I highly recommend this book to two audiences: (a) instructors looking to construct a strong course on "introduction to social science statistics" from a Bayesian perspective; and (b) social science researchers who have been educated in a classical framework and wish to learn the foundational knowledge of a Bayesian approach, without a refresher in differential calculus. (I expect it would also of interest to many physical science and engineering researchers whose methods are not highly divergent from social science (e.g., biologists, operations engineers) but I can't speak authoritatively about that.)
I'm a practicing social science researcher and have wanted for years to learn Bayesian methods deeply - I've used them in applied settings but without complete understanding. My quest to learn Bayesian methods more rigorously has been persistently stymied by texts that demand analytic solutions to prior/posterior estimation, that are excruciatingly focused on specific problems with little attention to generalization, or that skip huge areas of exposition to leap from a toy problem to a complex one with little clue of the path between them. Dr. Kruschke's text avoids all of those problems. It is remarkable for building intuition from basic principles, for avoiding page-after-page of integrals, and for having extremely clear application.
The book starts by laying out the core intuitions of Bayes's rule - instead of merely stating it (and don't we all think we know it by now?), it leads the reader through some applied examples with frequency tables. Simple? Yes; but also valuable to force oneself through. It then builds upon this knowledge systematically, going through the requisite coin toss examples - but unlike most texts, connecting them clearly to real-world examples of binomial problems. And it proceeds from there, ending up with Bayesian versions of ANOVA-type problems and logistic regression.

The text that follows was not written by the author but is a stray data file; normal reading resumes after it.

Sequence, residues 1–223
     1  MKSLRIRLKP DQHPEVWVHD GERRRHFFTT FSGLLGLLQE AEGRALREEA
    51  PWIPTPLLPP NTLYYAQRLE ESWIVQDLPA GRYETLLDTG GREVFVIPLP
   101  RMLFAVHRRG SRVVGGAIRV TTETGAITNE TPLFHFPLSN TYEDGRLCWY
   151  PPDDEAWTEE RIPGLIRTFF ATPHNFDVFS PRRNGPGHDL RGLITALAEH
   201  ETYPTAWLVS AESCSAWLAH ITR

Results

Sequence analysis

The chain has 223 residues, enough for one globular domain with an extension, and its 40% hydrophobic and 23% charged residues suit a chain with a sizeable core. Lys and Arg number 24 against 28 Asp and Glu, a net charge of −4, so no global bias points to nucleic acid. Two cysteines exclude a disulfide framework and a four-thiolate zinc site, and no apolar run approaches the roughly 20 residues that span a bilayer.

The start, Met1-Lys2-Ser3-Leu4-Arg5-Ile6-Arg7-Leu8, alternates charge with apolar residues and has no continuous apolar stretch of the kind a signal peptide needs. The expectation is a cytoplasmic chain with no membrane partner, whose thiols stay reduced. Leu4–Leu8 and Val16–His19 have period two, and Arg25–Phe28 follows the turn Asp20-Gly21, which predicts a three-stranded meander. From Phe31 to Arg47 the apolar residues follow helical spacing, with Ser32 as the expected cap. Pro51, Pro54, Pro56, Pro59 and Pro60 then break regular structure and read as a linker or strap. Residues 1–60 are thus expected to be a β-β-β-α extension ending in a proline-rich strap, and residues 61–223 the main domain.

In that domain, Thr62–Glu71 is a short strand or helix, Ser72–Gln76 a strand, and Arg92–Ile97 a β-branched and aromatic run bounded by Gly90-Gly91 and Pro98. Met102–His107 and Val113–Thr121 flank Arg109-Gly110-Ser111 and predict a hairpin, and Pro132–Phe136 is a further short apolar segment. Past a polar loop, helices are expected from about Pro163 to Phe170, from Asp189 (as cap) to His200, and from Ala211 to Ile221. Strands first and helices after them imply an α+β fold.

There are two other salient and important features of the book. First, the exercises are particularly well-chosen to reinforce the key points and demonstrate applications. I strongly recommend to work your way through them. In my case, for instance, they forced me to confront understanding of things like the "prior likelihood of the data" - a core concept that I thought I understood but really didn't until I had to solve some actual problems.
Second, the book is closely linked to the R statistics environment - surely the most popular tool used by Bayesian statisticians - and has sample programs that are illustrative, useful, and actually work. If you do Bayesian work, you're probably going to use R, and these examples will help immensely to build the set of tools you'll need.
Finally, and just to make clear, I have a disrecommendation for one audience: if you're looking for a highly mathematical treatment of Bayesian methods, it is not the right book. It is a didactic text, not a reference manual or set of derivations.
Good luck to you as a reader, and thank you to the author!